Namibians increasingly shun cigarettes
Namibia now has fewer smokers than it had in 2015, but it is unlikely to reach the voluntary global target of a 30% reduction in tobacco use between 2010 and 2025.
19 November 2021 | Health
The World Health Organisation’s (WHO) fourth global tobacco trends report shows that there are now 1.3 billion tobacco users in the world, compared to 1.32 billion in 2015.
This number is expected to drop to 1.27 billion by 2025.
In Namibia it is estimated that there are at least 216 000 tobacco users aged 15 and older, while 171 000 of them are male.
The report further notes that 23% of the global population used tobacco - 36.7% of all men and 7.8% of the world’s women.
In Namibia, 13.5% of the population used tobacco - 22.4% of men and 5.3% of women.
This is down slightly from the 14.9% smokers in 2015, while it is estimated that in 2025 it will further decrease to 12.2%.
According to the report, 60 countries are now on track to achieving the voluntary global target of a 30% reduction in tobacco use between 2010 and 2025; two years ago, only 32 countries were on track.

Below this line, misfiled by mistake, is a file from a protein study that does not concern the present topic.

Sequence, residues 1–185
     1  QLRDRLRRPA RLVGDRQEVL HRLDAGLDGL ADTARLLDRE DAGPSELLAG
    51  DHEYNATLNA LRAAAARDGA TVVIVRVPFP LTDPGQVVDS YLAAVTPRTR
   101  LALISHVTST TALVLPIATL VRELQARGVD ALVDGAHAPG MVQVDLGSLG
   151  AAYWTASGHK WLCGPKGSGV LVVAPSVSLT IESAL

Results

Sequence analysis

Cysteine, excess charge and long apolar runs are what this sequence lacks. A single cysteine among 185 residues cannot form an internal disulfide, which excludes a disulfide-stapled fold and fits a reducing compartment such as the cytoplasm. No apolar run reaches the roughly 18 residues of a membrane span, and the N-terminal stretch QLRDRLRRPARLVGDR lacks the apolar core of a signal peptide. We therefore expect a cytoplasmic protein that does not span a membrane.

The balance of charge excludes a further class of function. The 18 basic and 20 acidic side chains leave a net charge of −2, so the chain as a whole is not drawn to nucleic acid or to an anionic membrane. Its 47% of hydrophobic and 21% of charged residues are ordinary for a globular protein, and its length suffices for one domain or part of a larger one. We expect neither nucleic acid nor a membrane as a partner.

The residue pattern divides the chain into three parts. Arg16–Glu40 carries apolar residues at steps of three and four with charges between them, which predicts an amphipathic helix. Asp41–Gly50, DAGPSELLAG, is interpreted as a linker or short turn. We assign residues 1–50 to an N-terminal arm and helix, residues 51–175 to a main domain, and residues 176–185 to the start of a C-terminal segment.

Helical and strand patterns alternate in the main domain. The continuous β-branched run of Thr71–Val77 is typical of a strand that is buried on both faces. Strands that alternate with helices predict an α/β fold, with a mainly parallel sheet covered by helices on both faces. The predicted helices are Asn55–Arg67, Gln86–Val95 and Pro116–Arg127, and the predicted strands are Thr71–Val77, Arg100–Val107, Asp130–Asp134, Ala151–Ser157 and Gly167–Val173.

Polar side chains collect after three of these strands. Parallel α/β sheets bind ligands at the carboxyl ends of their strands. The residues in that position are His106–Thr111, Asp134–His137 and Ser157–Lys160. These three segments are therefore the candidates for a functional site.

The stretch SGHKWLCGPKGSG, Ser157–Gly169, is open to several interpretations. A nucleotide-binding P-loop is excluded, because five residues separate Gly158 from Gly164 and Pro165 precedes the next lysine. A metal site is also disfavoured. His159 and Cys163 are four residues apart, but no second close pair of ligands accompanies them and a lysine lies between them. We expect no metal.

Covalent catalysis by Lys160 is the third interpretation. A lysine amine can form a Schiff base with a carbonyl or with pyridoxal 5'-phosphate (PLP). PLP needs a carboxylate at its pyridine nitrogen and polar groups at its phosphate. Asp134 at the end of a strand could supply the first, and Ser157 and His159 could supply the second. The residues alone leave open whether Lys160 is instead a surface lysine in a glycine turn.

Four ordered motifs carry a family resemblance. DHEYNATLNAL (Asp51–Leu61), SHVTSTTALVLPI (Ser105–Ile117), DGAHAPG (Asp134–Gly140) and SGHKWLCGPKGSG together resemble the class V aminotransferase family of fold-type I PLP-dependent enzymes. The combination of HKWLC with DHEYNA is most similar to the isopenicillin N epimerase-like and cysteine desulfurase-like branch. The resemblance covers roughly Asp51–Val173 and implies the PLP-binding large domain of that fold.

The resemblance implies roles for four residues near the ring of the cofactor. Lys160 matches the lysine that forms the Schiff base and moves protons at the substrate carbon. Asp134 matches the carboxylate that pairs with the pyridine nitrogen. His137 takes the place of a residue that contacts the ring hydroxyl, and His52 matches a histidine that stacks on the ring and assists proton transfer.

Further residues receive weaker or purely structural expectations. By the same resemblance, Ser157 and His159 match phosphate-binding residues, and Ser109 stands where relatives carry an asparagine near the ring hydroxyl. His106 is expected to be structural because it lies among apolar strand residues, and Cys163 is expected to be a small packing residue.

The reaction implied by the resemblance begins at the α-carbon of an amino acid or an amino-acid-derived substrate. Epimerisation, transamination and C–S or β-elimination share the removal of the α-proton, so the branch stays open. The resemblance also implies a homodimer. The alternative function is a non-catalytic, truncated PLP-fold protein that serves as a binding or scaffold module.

Namibia is likely to achieve a reduction in tobacco use, but less than 30%, the report says.
“It is very encouraging to see fewer people using tobacco each year and more countries on track to meet global targets,” said Dr Tedros Adhanom Ghebreyesus, WHO director-general.
“We still have a long way to go, and tobacco companies will continue to use every trick in the book to defend the gigantic profits they make from peddling their deadly wares.
“We encourage all countries to make better use of the many effective tools available for helping people to quit, and saving lives.”
The report further notes that approximately 38 million children aged between 13 and 15 currently use tobacco, of which 13 million are girls.
“In most countries it is illegal for minors to purchase tobacco products. The goal is to achieve zero child tobacco users.”
The WHO’s African Region has the lowest average rate of tobacco use at 10% in 2020, according to the report.